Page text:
**[0059]**In FIG. 6 there is shown an embodiment of the invention in which a device that performs speech enhancement is shown. In FIG. 6 there is illustrated a first circuit that obtains a measured speech signal using at least one input microphone 600. The first circuit includes, for example, an input unit 610 that functions to convert the measured speech into a form usable by the second and third circuits. In addition, there is shown a second circuit which calculates a whitening filter using a silence interval in the obtained measured speech signal and applies the whitening filter to the measured speech signal to generate a whitened speech signal in which noise components present in the measured speech signal are whitened. The second circuit includes, for example, the iterative noise whitening unit 620 which calculates and uses the whitening filter using the method described above. The iterative noise whitening unit 620 also uses data from the speech/silence detector 650, which determines when no speech is included in the signal. Also illustrated in FIG. 6 is a third circuit that estimates a clean speech signal by applying a multi-channel filter to the generated whitened speech signal, and outputs the clean speech signal to an audio output device 640. The third circuit includes, for example, a Spatio-Temporal Power Unit 630 which applies a multi-channel filter to the speech signal using the method described above and outputs the clean speech signal to the output device 640.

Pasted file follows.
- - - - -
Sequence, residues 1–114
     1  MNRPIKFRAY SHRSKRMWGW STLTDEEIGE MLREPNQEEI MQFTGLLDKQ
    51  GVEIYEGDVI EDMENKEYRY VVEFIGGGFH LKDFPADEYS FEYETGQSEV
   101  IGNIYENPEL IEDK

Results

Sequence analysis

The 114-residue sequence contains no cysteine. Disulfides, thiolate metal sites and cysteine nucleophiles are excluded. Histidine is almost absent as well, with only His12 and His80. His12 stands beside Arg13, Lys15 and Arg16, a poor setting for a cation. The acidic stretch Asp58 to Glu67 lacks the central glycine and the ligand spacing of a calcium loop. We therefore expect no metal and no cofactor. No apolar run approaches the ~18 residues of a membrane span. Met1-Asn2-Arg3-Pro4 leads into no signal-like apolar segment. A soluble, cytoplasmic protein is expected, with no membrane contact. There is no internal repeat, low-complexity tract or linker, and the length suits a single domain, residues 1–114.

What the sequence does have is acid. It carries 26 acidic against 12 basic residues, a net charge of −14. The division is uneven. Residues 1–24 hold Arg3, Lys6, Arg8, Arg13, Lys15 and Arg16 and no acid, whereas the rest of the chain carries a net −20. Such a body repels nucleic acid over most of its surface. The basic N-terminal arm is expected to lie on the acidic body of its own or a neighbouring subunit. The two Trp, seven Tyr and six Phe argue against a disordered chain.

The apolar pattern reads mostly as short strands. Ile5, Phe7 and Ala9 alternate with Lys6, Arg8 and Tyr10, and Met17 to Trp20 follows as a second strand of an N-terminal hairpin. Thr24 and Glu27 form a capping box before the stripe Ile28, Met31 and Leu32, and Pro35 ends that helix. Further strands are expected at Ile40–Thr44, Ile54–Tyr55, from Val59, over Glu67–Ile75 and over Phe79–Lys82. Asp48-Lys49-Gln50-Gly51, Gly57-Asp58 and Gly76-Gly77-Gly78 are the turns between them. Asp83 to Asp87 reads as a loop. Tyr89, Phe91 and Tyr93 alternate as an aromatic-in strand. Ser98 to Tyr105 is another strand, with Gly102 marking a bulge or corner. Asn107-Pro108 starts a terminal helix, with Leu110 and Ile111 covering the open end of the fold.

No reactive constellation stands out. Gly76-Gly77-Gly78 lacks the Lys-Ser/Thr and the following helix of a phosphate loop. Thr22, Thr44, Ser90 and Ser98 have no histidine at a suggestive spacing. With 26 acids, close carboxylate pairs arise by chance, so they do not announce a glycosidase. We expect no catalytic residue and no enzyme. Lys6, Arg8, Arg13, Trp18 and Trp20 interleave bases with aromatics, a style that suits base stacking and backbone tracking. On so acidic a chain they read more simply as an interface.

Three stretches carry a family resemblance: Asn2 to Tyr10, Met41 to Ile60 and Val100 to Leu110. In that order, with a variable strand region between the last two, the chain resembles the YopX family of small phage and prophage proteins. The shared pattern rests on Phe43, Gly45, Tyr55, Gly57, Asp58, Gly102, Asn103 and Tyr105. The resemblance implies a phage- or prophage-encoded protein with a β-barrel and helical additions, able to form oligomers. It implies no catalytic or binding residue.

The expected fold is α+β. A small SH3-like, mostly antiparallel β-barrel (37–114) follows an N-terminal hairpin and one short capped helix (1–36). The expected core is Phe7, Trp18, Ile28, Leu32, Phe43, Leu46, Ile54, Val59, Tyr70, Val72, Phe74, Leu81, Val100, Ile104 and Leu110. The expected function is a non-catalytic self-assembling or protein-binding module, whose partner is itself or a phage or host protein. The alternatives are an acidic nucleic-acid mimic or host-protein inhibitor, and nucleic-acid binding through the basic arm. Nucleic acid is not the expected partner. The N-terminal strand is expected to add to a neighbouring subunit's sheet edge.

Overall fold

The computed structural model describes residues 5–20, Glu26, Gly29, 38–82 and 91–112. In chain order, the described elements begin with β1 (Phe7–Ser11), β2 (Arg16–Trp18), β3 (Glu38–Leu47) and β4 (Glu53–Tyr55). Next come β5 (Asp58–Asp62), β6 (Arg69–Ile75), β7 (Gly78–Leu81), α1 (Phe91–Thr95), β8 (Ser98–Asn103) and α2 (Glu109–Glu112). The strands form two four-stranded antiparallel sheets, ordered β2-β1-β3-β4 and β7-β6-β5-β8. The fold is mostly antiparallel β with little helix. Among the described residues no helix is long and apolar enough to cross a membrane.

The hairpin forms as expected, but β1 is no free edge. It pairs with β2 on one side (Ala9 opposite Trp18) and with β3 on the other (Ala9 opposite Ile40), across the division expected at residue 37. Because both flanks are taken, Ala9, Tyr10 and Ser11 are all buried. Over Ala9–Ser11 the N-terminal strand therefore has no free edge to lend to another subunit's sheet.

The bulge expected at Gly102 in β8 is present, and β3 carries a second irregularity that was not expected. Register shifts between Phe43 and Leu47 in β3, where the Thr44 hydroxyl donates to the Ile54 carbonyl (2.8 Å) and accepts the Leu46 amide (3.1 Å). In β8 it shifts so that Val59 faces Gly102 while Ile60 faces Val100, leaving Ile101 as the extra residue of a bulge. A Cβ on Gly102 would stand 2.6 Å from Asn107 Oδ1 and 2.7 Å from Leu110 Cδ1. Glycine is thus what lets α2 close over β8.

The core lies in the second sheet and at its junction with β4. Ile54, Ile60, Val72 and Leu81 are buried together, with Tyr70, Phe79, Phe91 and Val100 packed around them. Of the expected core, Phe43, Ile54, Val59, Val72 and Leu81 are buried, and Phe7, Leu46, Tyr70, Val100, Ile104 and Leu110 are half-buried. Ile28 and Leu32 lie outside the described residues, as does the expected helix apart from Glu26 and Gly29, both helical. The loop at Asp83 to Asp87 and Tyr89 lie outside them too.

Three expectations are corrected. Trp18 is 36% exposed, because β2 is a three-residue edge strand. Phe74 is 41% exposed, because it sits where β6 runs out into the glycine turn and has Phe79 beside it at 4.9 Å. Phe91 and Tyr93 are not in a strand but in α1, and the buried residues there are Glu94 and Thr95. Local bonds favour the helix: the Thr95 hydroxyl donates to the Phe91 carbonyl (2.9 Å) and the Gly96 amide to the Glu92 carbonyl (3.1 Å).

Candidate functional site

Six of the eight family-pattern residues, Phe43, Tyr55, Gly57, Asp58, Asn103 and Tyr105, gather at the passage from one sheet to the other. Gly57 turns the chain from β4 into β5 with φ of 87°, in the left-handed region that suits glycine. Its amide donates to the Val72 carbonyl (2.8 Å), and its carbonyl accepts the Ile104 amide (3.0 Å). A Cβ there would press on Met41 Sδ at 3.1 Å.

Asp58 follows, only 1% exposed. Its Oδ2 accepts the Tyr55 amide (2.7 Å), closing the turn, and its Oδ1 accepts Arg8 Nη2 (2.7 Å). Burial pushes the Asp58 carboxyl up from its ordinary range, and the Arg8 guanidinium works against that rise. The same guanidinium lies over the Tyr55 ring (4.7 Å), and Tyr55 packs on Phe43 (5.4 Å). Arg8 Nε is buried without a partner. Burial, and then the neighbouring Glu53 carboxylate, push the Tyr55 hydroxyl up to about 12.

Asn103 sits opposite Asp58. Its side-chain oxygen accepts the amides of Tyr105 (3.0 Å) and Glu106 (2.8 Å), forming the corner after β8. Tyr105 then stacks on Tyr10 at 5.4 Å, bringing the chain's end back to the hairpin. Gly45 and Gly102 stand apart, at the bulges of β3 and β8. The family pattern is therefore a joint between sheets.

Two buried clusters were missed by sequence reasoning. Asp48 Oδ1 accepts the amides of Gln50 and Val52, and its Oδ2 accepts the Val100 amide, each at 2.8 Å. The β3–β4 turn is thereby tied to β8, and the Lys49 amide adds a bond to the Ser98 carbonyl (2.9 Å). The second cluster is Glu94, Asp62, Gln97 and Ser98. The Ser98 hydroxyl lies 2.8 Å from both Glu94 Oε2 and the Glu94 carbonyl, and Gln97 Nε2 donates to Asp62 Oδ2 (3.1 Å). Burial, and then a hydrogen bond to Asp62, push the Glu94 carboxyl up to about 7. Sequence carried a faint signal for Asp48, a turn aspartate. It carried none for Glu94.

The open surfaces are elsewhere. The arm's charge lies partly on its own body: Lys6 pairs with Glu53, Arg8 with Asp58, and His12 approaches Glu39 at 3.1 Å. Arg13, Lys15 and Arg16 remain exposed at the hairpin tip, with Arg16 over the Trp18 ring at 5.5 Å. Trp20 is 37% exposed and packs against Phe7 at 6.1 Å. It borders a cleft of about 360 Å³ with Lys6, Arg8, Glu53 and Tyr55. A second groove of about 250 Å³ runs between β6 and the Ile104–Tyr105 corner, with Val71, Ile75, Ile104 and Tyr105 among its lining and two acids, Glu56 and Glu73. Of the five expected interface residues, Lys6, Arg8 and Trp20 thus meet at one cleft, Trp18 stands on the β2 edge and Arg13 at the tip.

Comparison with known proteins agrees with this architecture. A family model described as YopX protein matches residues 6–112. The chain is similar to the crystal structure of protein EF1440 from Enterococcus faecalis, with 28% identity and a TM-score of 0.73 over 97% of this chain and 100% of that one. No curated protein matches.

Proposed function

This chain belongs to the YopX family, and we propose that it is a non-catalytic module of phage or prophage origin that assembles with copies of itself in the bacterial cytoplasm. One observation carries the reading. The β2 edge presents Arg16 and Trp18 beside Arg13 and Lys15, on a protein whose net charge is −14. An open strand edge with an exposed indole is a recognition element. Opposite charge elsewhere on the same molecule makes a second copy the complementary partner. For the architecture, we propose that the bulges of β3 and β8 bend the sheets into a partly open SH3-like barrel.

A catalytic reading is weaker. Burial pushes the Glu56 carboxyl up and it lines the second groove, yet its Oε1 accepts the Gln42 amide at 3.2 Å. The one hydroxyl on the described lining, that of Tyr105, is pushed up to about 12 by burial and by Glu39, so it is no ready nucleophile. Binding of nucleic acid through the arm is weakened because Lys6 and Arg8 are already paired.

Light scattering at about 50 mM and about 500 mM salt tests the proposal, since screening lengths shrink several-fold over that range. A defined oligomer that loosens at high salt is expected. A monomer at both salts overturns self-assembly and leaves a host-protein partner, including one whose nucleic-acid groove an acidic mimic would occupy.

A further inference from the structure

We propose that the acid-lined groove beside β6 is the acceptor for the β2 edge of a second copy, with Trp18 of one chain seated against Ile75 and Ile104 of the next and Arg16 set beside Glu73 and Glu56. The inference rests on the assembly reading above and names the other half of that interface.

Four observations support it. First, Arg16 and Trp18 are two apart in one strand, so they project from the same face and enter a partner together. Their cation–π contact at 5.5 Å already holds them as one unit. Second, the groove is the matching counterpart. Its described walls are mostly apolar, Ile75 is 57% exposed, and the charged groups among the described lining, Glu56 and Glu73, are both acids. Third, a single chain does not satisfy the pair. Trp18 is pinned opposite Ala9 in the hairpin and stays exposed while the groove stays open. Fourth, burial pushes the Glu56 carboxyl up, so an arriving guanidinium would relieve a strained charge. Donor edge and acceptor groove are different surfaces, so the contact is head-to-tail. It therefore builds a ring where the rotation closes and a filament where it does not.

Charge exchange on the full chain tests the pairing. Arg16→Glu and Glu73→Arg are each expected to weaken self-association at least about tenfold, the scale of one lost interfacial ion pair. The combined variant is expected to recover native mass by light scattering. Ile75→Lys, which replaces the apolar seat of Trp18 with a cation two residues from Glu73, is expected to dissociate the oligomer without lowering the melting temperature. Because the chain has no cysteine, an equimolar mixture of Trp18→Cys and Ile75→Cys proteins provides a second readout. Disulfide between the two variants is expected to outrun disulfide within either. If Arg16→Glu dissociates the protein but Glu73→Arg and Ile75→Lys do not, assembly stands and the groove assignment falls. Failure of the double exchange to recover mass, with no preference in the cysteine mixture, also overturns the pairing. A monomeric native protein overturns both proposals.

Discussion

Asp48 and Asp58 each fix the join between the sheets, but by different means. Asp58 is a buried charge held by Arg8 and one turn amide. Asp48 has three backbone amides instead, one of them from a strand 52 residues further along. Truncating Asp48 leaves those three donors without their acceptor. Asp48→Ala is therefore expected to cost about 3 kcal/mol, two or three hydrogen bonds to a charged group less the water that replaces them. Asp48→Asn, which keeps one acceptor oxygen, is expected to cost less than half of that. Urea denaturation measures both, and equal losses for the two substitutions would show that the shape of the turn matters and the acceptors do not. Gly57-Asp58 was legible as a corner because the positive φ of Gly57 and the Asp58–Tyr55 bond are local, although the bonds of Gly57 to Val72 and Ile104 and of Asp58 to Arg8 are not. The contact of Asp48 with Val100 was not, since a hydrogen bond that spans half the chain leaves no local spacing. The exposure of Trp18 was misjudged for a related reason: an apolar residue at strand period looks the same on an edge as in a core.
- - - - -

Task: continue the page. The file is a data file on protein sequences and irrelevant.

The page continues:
**[0060]**All embodiments of the present invention conveniently may be implemented using a conventional general-purpose computer, personal media device, cellular telephone, or micro-processor programmed according to the teachings of the present invention, as will be apparent to those skilled in the computer art. The present invention may also be implemented in an attachment that works with other computational devices, such as a personal headset or recording apparatus that transmits or otherwise makes its processed audio signal available to these other computational devices in its operation. Appropriate software may readily be prepared by programmers of ordinary skill based on the teachings of the present disclosure, as will be apparent to those skilled in the software art.